iv. Was it a mere invitation, preliminary negotiation (further assent needed so not an offer, doesn’t intent to conclude the bargain until he has made further manifestation of assent), form letter (not addressed to specific person so not an offer, lack of intent, advertisement), advertisement (can be if contains specific promissory language), price quote is invitation, future intent to sell
v. Purchase orders can serve as offers (negotiations prior to PO are prior negotiations, not offers)
a. Prior negation plus intent can make a k
2. Is there a Promise?
a. A promise is the present commitment to do or not do something in the future.
3. Are there Clear and Definite terms?
i. Quantity must be specified
ii. Court can gap-fill certain other terms
iii. UCC 2-305
1. Looks at intent of the two parties and if they find they intended to be bound then they will fill in missing gaps, even price.
2. Open price term will not prevent enforcement of the k if the parties intended to be bound
3. 2-204 open or uncertain terms will not void a k if there is a reasonably certain basis for giving an appropriate remedy
4. Terms not set
a. Go to battle of the forms
i. Buyers PO and sellers acknowledgment contain conflicting terms
b. Common Law R 33
iii. Subject matter
v. Place of performance
vi. Missing terms can be filled in by the court where a valid offer is found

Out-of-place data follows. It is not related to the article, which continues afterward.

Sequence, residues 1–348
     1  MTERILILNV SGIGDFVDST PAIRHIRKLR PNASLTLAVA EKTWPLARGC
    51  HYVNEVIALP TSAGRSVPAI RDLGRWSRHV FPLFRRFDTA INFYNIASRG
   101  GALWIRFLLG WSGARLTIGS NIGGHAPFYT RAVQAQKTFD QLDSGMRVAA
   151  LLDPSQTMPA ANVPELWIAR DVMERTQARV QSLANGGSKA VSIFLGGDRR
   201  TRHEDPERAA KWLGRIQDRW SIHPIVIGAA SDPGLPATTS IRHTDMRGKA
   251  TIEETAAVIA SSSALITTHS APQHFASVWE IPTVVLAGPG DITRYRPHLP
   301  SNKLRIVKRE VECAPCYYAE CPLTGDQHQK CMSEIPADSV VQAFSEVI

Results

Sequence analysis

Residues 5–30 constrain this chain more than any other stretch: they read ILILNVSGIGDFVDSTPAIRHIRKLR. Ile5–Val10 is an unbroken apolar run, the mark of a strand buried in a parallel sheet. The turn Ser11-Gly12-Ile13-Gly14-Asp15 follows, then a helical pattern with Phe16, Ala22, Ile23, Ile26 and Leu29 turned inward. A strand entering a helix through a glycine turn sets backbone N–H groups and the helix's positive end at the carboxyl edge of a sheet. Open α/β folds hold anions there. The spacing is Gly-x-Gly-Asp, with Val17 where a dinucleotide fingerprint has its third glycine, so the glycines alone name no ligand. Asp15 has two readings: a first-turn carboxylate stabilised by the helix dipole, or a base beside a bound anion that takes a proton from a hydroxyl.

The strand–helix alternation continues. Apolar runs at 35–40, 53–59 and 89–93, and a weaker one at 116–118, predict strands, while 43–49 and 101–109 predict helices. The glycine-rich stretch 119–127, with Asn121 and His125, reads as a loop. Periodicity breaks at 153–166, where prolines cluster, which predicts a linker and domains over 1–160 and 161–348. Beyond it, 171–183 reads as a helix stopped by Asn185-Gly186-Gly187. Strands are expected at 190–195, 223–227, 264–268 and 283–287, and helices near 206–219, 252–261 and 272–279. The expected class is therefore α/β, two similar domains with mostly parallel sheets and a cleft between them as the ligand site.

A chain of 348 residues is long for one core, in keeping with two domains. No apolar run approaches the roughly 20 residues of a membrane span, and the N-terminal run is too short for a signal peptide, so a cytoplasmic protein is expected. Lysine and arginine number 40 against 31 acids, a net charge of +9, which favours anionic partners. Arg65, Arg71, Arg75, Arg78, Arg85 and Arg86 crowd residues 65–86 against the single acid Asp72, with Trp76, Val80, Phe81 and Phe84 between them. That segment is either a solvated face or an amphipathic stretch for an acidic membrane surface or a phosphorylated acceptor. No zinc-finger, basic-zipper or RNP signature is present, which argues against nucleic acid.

4. Is there a communication?
a. The offer must be communicated in some form to the other party.
ices and bad bargains allowed
b. Pre-existing duty
i. No new consideration
c. Promise to pay for past services
i. No consideration where services were performed without reasonable expectation of compensation
4. When consideration is not met
a. A pre-existing duty is not consideration
b. Conditional gift
i. Meet the condition to get the gift
c. Illusory promise: a statement that appears to be promising something but which in fact does not commit the promisor/promisee to anything, you don’t have all three elements of an offer
i. If the legal detriment is lacking in the offer
1. If legal detriment on either side there is consideration
ii. Not definite and specific
iii. Not supported by consideration
iv. Not enforceable
v. Appears to promise something but does not commit the promisor to do anything at all, when you are not obligated to do something
5. Benefit to the promisor or the detriment to the promisee
a. Detriment emphasized a little more now days
6. Exception: Don’t need consideration
a. Firm offers
b. Promissory estoppel
i. No valid K but can argue PE
c. UCC modification 2-209 or extending the contract
i. If the modification materially alters the contract then 2-207 kicks in and the offeror has to assent, one party changes it is accepted if the party performs unless the other party objects
ii. 2-207 doesn’t need consideration
7. Substitutes for consideration
a. Promissory estoppel
1. Reasonably foreseeable
2. Promisee would rely
3. Enforced so that injustice can be avoided
VII. Was the offer terminated?
a. Lapse of time
b. Make a counter-offer
c. Express/direct revocation
d. Indirect revocation
i. Find out from something else before you accept
d. Have the offeror indicating his unwillingness to be bound by the offer and the offeree being aware of the revocation
e. Still have the right to accept until it is revoked in one way or the other